Disruption: The New Business Model of Successful Companies
Disruption. Interrupting the status quo. Breaking the wheel.
Our team recently attended one of the largest marketing conferences on the East Coast, Inbound 2019 and wanted to share a few of the most interesting takeaways. Attracting over 24,000 marketing and media professionals from all over the world, the conference highlighted creative marketing strategies, inspirational keynote speakers, and surprisingly...HR!
Why was HR being discussed at a marketing conference? One of the conference’s key themes was how to have a new approach to business. Surprisingly, the conversation was not around cost-efficiency and effective business practices. Instead, speakers drove home the message that in order for businesses to grow and succeed, companies need to shift their focus from profit to people.
Some of the notable speakers and their respective areas of focus included:
Alexis Ohanian, founder of Reddit - paid, gender-blind family leave
Dharmesh Sha, co-founder of Hubspot - workplace diversity and inclusion
Jennifer Garner, actress and co-founder of Once Upon a Farm - corporate social responsibility
Katie Couric, journalist - subtle genderism and workplace gender stereotypes
Sallie Krawcheck, CEO of Ellevest - glass ceiling for women in a “man’s” industry
Janelle Monáe, singer and actress - corporate environmental responsibility
Bryan Stevenson, founder of the Equal Justice Initiative - minority disparities in the workplace
The Growing Importance of Company Values
Ten years ago, a people-focused approach to business was a nice-to-have. Today, it’s a must-have for any company hoping to continue to grow, compete, and succeed in the changing job market. As Stevenson noted in his address, “Businesses suffer when they wait on diversity.” The world is more accepting and educated on the importance of hearing and weighing diverse perspectives, backgrounds, and experiences than ever before. Companies have to prioritize building a more inclusive and richly diverse workplace. The public now expects the companies and brands they love to be leaders of positive change. If companies don’t step up to the plate or fail to deliver on this promise, their brand may suffer.
Jennifer Garner and John Foraker, co-founders of Once Upon a Farm, revealed that the first thing they did as partners was write down their mission statement and personal values. They then incorporated their personal values into their business plan, ensuring that every business decision they made together would be firmly rooted in those values and beliefs.
Ask yourself what your own company values are and what they mean to you as an employee. Your values act as a guiding force for your entire workplace, ensuring that you’re working towards a greater cause. But, it’s important to remember that your company values aren’t set in stone. As your business grows and evolves, your core values might no longer be relevant. In order to stay pertinent to the changing corporate landscape, stay genuine to your employees and customers, and show your commitment to social responsibility, it may be time for a value refresh. Shah, co-founder of HubSpot, called out that what companies fear right now is change, but what we should all be fearing is stagnation. Your company has to grow and evolve to keep up with our changing world and workplace.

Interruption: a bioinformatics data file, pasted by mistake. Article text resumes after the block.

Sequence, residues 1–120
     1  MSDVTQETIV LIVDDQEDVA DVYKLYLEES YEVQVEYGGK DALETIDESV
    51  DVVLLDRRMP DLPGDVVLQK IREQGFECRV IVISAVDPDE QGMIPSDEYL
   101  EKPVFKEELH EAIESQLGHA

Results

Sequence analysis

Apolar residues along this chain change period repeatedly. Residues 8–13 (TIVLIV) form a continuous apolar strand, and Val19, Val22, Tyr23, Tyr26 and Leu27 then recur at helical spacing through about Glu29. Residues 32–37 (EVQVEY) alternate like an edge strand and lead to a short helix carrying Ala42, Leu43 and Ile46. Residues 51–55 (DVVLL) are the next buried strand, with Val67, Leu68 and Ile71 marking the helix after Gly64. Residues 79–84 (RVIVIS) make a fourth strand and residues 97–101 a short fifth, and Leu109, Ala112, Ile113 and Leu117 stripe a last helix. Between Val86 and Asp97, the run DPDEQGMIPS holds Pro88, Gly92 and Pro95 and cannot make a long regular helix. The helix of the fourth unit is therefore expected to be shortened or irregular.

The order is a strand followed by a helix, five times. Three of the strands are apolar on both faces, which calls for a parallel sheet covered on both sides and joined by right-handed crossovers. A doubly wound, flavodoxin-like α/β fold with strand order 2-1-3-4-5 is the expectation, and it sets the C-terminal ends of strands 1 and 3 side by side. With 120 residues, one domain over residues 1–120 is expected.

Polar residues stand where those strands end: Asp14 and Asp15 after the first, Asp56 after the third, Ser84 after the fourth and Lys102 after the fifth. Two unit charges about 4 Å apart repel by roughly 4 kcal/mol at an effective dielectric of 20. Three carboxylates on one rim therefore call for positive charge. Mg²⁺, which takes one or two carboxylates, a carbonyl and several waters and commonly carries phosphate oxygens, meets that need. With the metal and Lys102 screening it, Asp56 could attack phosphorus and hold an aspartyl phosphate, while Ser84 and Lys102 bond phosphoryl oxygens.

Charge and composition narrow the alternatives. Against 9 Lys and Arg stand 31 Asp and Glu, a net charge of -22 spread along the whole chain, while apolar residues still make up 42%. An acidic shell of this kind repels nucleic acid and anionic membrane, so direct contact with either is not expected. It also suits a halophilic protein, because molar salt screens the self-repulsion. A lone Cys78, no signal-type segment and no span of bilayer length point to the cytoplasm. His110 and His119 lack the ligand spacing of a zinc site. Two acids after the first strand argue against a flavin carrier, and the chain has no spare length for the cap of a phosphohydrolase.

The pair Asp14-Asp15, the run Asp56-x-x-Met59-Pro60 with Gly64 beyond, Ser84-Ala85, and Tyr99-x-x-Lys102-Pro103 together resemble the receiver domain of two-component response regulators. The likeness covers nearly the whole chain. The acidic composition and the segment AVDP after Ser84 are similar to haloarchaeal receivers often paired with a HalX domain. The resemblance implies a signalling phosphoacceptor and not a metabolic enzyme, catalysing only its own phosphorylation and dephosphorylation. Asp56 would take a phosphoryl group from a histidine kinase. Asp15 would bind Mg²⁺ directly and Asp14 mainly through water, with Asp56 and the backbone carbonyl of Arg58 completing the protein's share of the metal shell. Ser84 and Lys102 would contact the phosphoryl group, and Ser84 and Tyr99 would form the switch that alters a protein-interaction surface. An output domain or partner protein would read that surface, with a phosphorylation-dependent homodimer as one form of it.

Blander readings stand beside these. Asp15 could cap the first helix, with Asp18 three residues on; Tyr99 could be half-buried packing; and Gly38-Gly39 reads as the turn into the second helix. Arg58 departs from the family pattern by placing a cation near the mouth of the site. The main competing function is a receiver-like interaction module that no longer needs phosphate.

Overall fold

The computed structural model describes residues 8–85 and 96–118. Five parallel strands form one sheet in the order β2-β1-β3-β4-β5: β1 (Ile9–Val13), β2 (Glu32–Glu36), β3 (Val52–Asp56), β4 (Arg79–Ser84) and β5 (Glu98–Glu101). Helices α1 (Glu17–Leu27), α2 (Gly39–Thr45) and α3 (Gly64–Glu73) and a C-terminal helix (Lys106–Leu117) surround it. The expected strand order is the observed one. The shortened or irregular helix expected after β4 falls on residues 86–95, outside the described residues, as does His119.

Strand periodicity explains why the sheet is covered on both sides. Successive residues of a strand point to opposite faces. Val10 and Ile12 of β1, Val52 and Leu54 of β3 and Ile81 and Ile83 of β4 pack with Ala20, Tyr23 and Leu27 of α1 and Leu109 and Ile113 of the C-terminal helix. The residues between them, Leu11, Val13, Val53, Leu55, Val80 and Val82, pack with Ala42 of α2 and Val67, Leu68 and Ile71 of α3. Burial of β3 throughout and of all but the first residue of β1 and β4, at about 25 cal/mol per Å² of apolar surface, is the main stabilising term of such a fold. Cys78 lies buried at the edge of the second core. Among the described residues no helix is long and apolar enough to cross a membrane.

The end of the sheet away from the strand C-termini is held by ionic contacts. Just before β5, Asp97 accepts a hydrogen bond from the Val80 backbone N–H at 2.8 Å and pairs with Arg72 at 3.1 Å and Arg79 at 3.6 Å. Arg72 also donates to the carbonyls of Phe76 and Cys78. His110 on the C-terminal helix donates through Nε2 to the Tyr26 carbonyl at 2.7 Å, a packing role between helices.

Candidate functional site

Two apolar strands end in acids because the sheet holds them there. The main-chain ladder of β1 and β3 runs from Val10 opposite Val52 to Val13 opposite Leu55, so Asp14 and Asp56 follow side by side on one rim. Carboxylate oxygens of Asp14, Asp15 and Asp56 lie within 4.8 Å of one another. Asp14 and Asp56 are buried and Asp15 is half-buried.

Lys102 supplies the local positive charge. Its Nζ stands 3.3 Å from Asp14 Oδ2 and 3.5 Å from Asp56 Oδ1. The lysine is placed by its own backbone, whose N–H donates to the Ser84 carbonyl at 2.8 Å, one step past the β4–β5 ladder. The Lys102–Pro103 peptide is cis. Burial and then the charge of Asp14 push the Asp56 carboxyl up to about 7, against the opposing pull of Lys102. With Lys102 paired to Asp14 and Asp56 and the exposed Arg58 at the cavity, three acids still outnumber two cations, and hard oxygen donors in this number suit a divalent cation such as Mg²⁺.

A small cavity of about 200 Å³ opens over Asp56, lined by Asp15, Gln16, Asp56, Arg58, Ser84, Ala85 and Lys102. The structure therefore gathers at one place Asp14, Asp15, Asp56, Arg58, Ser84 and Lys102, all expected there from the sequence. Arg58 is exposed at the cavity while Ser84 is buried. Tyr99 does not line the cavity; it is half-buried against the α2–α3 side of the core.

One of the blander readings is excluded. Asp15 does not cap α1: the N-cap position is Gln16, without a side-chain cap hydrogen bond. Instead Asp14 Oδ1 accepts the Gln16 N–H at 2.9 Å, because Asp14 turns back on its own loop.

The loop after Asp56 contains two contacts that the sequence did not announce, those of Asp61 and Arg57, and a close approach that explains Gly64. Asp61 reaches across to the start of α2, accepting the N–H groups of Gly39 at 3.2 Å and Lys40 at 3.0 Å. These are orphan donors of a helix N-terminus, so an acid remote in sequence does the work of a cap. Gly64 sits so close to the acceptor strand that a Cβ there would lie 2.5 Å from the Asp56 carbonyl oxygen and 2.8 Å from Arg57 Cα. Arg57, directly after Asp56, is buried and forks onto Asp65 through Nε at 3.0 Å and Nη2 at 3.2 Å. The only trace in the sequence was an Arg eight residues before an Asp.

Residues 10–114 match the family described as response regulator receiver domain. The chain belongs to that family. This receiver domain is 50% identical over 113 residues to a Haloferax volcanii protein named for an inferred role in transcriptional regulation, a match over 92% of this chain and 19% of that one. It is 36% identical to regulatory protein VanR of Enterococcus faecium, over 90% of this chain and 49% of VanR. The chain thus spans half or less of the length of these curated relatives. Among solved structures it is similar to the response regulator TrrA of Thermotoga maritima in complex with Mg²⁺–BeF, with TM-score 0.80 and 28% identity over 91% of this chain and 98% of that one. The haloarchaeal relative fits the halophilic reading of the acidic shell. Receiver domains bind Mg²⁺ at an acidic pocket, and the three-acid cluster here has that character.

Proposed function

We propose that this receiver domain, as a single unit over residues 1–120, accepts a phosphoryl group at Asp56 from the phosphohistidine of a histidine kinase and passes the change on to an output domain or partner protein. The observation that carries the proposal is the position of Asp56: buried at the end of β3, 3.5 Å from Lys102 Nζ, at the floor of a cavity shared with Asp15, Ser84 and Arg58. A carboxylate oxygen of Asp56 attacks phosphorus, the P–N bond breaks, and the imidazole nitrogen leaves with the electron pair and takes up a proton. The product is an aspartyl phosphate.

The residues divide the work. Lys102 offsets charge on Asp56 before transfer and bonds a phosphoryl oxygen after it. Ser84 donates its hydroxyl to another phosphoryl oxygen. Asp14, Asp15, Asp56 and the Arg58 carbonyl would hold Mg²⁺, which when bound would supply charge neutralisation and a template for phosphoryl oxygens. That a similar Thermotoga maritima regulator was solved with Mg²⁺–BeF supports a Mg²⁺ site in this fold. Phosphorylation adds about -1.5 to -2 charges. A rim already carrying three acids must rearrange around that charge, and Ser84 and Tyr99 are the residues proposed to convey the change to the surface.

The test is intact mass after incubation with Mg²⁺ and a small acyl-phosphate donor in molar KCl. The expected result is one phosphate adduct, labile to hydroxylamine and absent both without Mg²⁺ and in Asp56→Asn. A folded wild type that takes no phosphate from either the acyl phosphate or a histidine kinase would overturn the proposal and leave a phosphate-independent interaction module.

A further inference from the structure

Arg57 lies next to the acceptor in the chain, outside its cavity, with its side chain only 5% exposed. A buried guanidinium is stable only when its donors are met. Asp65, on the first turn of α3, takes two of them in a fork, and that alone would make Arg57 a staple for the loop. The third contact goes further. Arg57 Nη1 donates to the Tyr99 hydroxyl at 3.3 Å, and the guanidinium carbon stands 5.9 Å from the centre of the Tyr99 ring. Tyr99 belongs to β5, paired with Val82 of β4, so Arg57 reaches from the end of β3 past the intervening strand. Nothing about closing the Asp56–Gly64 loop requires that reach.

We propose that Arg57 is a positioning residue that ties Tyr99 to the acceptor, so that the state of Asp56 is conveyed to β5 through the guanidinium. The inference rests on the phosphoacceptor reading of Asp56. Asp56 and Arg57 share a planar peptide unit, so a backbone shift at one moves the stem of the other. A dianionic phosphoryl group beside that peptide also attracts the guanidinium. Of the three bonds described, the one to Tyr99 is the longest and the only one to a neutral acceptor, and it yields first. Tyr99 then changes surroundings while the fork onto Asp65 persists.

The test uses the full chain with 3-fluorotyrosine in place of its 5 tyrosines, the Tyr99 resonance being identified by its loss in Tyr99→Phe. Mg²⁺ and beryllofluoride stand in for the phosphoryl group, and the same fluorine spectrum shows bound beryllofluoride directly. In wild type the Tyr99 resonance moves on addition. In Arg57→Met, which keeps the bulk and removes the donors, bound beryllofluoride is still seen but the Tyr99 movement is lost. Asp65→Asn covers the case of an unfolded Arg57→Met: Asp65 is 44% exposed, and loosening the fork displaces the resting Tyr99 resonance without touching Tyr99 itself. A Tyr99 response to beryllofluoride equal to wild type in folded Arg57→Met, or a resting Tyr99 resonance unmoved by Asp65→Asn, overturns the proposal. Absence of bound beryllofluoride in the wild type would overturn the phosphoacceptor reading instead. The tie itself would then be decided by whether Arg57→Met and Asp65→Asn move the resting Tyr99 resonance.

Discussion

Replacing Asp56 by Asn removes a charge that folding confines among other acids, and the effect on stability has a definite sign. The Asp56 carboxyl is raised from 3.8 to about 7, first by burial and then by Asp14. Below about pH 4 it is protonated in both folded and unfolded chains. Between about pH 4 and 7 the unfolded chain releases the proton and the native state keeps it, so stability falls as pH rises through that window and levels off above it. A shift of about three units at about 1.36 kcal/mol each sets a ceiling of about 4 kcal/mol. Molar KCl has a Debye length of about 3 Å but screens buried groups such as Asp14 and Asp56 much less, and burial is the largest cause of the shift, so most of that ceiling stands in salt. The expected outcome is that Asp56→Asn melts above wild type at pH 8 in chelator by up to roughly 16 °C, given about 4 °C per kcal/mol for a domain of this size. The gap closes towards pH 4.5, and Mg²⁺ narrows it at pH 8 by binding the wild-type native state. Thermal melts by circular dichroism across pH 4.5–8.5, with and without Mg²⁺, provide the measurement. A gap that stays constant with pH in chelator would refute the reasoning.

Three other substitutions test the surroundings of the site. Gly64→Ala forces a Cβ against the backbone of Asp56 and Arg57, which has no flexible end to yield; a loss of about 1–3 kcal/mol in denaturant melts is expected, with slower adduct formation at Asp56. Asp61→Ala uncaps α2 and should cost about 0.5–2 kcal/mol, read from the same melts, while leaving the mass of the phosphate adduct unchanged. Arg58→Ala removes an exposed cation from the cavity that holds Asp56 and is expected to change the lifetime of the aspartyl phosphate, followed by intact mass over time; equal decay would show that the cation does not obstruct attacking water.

Increased Focus on Diversity
The idea of change can be daunting when the business of business has remained steadfast for so many decades, but it’s not as complicated as it may seem. Small changes like taking a chance on a candidate with an untraditional background begin to foster an exciting work environment where everyone can bring their unique ideas and experiences to the table. Investing in employees and sought-after benefits is another easy implementation. According to Shah, flexible scheduling and the ability to work remotely are the most popular benefits today—two easy to implement and low-cost offerings!
“Diversity is the power of diversity,” said Ellevest Founder Sallie Krawcheck. Ellevest’s very mission is to encourage women to invest more and continue to close the investment pay gap between men and women. The financial advisory company boasts a workforce that is 60 percent female and 45 percent people of color and has won several other awards for company success and culture. She may be onto something.
The driving force behind making this shift will fall on HR professionals to initiate the conversation with their executives about diversity-focused hiring initiatives, voluntary benefits, and prioritizing social values over profit-only models. Companies that accept the challenge posed by these high-profile thought-leaders to shift their priorities will come out better in the end as the public shifts how they establish their brand loyalty.
Even at one of the nation’s largest marketing conferences, HR took the spotlight. High profile guests and speakers took the stage not to discuss social media and paid advertising, but to drive home the importance of engaging and investing in people. The expectations of our customers, job candidates, and employees are changing and the whole business is taking notice.
The world of business is continuing to evolve and your customers are watching. Luckily, HR is in a unique position to keep up with these changes and lead the conversation. As more people buy into the importance of building engaging workplace experiences and focusing on our employees, HR will have even more influence in shaping the future of our workplace culture.
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